Looking through job postings and applying for work can be draining – especially when you don’t hear back from anyone who’s hiring.
Don’t despair, though. We talked to a few experts who shared their best practices to land meaningful employment. And there are definitely things job-seekers could improve on.
For starters, Canadians seem to have a hard time selling themselves.
A LinkedIn survey released this week revealed:
Fifty-five per cent of those surveyed rather discuss their colleagues’ achievements over their own. This brings us to tip number one.
“If you’re having a hard time figuring out what makes you a great candidate, then sit down with someone you trust,” suggested Julie Dossett, communications lead at LinkedIn Canada.
“Ask them: ‘Hey guys, how would you introduce me? What would you say about me?’”
Incorporate their praise into how you sell yourself and stand out to prospective employers (more on that later).
Don’t look at it as boasting. Think of it as improving the one shot you’ve got to make a great impression, Dossett said.
While you’re at it, she added, get over your fears and ask your colleagues to write you a recommendation on LinkedIn. It can just be a short statement about how well you work together.
“You’d be amazed at how receptive people are.”
And don’t wait until you’re looking for a job to do this.
“You just don’t know when that opportunity’s going to knock,” Dossett said. “When the door opens you better be ready to walk through.”
Think of the elevator pitch as the “summary” on your LinkedIn profile or resume, as well as something you can bust out if you bump into someone who’d love to work for.
WATCH: How to attract employers with your resume and LinkedIn profile
The LinkedIn survey asked employed respondents how they’d feel if they met their dream employer by chance tomorrow. Barely half thought they could confidently and effectively describe their experience and achievements on the spot.
One in six said they would panic. You don’t want to be you.
Your elevator pitch should touch on three categories, according to Dossett:
Just be authentic. It’ll go a long way. In some cases, it may even score you a job offer from Google.
That’s what happened to Australian scientist Paul Fenwick this month.
Recruiter Weston Fillman was a fan of the quirky skills Fenwick listed on LinkedIn, which included: talking like a pirate, watching pictures of cats and dressing in Nyan Cat costumes.
Any expert will tell you putting yourself out there is one of the most important parts of the job search.
Dianne Hunnam-Jones, Canadian president for recruiting firm Robert Half, has the following suggestions: attend relevant networking events, join industry associations, reach out to old employers, and alumni.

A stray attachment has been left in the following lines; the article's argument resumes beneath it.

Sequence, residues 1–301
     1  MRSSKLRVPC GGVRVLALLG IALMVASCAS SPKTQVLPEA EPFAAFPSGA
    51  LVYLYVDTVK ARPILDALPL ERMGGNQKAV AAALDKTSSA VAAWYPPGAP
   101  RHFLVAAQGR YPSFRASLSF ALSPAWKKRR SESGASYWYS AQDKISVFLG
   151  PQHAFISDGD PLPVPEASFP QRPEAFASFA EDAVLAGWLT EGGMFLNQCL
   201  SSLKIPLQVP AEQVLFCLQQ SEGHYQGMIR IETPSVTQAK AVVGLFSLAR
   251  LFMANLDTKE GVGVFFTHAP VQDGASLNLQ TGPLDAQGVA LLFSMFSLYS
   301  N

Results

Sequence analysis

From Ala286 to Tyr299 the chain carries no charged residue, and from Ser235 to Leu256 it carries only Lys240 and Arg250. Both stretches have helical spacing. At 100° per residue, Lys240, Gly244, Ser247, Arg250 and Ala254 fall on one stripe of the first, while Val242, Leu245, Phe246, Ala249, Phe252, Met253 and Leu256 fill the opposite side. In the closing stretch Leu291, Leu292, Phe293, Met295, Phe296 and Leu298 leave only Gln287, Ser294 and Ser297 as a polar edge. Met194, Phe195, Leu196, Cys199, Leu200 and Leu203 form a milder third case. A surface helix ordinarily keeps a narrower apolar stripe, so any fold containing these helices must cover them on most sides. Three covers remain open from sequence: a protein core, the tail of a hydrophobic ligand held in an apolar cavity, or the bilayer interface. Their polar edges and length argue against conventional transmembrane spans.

“[They all] provide the opportunity to expand your network and help you keep up to date on trends in your area of expertise, and an ear to the ground for potential job openings.”
Volunteering is another great way to meet people and potentially gain experience in your field, she said.
WATCH: Job search techniques that don’t work
Take the time to tailor your cover letter and resume to each workplace you apply — this is super important.
“Tailored content and proof of ability is what wins,” said Adrienne Tom, a Calgary-based resume writer and interview coach.
Applicant tracking systems will often screen applications that are submitted online nowadays. which makes customization more important than ever.
“Ensuring a resume is keyword-rich and addresses the specific needs of each job posting will help increase the success rate,” Tom said.
Try to be specific in your resume, offering tangible facts and figures rather than buzzwords.
Research each company you apply to and prep for your interview.
“Many simply wing it in the moment,” Tom said. “If you haven’t interviewed for a while and you are not well practiced in interviewing, it will show.”
She suggests thinking of some career stories to share during the interview.
“Not just answers to anticipated questions, but engaging stories that clearly demonstrate the challenge, action, and result of different scenarios where a specific skill set was applied.
“Everyone loves a good story and this strategy is a great technique to capture, and keep, an employer’s attention during an interview.”
WATCH: How to ace your next job interview
Experts say it’s good form to send a thank-you letter after an interview. Tom prefers a hand-written note, but email can work as well.
You don’t want to send it right away, said Dave Banns, a senior recruitment consultant at The Headhunters.
Wait 24 to 48 hours, he advised, and include something you like about the role or the company.
“It just shows the person has thought this through.”Follow @TrishKozicka
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